Review Editors

Takahiko Hiraishi (Japan), José Domingos Miguez (Brazil)

Contents executive summary 365

9.1 Introduction 365

9.2 National greenhouse gas inventories 366

9.2.1 Revised 1996 IPCC Guidelines and IPCC Good Practice Guidance 366

9.2.2 Methodological framework for CO2 capture and storage systems in national greenhouse gas inventories 366

9.2.3 Monitoring, verification and uncertainties 371

9.3 Accounting issues 372

9.3.1 Uncertainty, non-permanence and discounting methodology 373

9.3.2 Accounting issues related to Kyoto mechanisms

9.4 Gaps in knowledge 378 References 378


This chapter addresses how methodologies to estimate and report reduced or avoided greenhouse gas emissions from the main options for CO2 capture and storage (CCS) systems could be included in national greenhouse gas inventories, and in accounting schemes such as the Kyoto Protocol.

The IPCC Guidelines and Good Practice Guidance reports (GPG2000 and GPG-LULUCF) 'are used in preparing national inventories under the UNFCCC. These guidelines do not specifically address CO2 capture and storage, but the general framework and concepts could be applied for this purpose. The IPCC guidelines give guidance for reporting on annual emissions by gas and by sector. The amount of CO2 captured and stored can be measured, and could be reflected in the relevant sectors and categories producing the emissions, or in new categories created specifically for CO2 capture, transportation and storage in the reporting framework. In the first option, CCS would be treated as a mitigation measure and, for example, power plants with CO2 capture or use of decarbonized fuels would have lower emissions factors (kgCO2/kg fuel used) than conventional systems. In the second option, the captured and stored amounts would be reported as removals (sinks) for CO2. In both options, emissions from fossil fuel use due to the additional energy requirements in the capture, transportation and injection processes would be covered by current methodologies. But under the current framework, they would not be allocated to the CCS system.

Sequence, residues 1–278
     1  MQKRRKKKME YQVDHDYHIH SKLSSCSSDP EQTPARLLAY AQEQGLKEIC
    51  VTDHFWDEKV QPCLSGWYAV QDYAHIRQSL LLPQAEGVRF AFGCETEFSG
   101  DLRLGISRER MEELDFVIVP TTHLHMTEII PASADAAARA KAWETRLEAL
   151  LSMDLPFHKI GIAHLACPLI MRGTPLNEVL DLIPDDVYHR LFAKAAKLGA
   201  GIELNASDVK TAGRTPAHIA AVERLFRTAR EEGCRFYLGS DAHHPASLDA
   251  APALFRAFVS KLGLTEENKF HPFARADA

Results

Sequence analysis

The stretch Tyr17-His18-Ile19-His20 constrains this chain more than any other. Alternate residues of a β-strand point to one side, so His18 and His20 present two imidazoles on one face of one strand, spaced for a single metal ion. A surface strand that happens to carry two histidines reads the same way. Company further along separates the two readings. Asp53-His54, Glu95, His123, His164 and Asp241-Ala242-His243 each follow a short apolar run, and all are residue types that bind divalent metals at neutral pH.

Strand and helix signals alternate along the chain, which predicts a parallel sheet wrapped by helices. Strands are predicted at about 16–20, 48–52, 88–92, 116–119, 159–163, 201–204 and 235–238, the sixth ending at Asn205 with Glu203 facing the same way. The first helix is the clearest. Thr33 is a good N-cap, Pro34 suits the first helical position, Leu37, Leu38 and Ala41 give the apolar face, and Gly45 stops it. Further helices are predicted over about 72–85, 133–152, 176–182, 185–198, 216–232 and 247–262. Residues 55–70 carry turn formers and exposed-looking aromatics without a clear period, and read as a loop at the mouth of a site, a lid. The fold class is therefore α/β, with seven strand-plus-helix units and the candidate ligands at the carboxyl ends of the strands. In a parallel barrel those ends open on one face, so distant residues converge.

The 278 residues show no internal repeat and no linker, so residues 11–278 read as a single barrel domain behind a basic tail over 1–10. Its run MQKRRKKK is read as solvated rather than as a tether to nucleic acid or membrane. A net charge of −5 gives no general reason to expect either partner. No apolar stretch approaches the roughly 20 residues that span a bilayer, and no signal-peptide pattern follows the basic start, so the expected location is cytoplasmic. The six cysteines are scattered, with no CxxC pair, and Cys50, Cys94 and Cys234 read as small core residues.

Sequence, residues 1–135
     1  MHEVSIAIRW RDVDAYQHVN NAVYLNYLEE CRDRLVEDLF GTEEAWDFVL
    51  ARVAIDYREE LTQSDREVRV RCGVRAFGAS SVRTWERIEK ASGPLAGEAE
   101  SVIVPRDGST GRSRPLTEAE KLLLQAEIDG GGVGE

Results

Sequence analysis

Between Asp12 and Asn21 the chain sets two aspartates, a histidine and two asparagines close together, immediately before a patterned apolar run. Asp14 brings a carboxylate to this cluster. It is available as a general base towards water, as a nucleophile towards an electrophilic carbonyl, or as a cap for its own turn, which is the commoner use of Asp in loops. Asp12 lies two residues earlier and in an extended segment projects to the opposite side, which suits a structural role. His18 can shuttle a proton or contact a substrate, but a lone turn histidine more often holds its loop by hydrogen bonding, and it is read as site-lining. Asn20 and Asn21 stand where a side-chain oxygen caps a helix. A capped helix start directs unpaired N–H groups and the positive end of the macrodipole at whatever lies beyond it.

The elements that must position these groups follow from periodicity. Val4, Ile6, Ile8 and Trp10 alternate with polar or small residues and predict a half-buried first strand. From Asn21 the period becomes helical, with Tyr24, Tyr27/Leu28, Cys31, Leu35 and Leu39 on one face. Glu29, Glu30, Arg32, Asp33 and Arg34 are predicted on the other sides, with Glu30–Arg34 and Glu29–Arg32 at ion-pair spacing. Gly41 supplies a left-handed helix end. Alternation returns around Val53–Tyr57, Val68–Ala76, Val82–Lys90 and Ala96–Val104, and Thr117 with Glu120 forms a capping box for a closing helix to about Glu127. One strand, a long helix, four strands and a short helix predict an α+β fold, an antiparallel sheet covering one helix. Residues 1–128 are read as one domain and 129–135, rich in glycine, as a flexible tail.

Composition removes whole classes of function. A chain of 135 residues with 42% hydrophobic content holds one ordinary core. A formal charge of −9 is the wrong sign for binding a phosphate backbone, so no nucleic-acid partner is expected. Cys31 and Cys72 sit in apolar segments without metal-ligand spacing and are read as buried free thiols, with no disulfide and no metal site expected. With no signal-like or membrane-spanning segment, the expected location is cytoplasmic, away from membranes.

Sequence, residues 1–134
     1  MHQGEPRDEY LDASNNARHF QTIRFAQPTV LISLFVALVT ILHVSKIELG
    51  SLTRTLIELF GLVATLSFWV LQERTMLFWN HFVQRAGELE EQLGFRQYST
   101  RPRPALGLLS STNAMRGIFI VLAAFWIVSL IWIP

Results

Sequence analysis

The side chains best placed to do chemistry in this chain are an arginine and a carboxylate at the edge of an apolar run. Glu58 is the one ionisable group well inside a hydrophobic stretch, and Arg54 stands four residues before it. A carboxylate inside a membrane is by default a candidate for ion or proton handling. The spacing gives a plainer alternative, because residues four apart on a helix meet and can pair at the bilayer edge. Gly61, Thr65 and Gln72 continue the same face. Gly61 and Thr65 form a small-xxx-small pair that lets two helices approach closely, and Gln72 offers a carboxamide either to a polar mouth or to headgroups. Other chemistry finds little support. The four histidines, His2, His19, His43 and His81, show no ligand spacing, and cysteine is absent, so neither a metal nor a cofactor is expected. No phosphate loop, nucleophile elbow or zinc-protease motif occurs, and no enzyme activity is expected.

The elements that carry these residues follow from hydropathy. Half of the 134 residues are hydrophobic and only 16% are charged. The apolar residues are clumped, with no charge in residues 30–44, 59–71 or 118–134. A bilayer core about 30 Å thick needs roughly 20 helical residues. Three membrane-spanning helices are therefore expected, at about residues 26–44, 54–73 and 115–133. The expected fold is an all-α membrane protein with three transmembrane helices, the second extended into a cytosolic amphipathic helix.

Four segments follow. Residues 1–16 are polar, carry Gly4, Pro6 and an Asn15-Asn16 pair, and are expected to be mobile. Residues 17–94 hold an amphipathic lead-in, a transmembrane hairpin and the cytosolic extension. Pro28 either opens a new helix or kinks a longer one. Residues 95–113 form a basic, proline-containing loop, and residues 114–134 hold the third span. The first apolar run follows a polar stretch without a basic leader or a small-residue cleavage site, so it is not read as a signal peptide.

Methodologies to estimate, monitor and report physical leakage from storage options would need to be developed. Some additional guidance specific to the systems would need to be given for fugitive emissions from capture, transportation and injection processes. Conceptually, a similar scheme could be used for mineral carbonation and industrial use of CO2. However, detailed methodologies would need to be developed for the specific processes.

Quantified commitments, emission trading or other similar mechanisms need clear rules and methodologies for accounting for emissions and removals. There are several challenges for the accounting frameworks. Firstly, there is a lack of knowledge about the rate of physical leakage from different storage options including possibilities for accidental releases over a very long time period (issues of permanence and liability). Secondly, there are the implications of the additional energy requirements of the options; and the issues of liability and economic leakage where CO2 capture and storage crosses the traditional accounting boundaries.

The literature on accounting for the potential impermanence of stored CO2 focuses on sequestration in the terrestrial biosphere. Although notably different from CCS in oceans or in geological reservoirs (with respect to ownership, the role of management, measurement and monitoring, expected rate of physical leakage; modes of potential physical leakage; and assignment of liability), there are similarities. Accounting approaches, such as discounting, the ton-year approach, and rented or temporary credits, are discussed. Ultimately, political processes will decide the value of temporary storage and allocation of responsibility for stored carbon. Precedents set by international agreements on sequestration in the terrestrial biosphere provide some guidance, but there are important differences that will have to be considered.

Guide to Alternative Fuels

Guide to Alternative Fuels

Your Alternative Fuel Solution for Saving Money, Reducing Oil Dependency, and Helping the Planet. Ethanol is an alternative to gasoline. The use of ethanol has been demonstrated to reduce greenhouse emissions slightly as compared to gasoline. Through this ebook, you are going to learn what you will need to know why choosing an alternative fuel may benefit you and your future.

Get My Free Ebook

Post a comment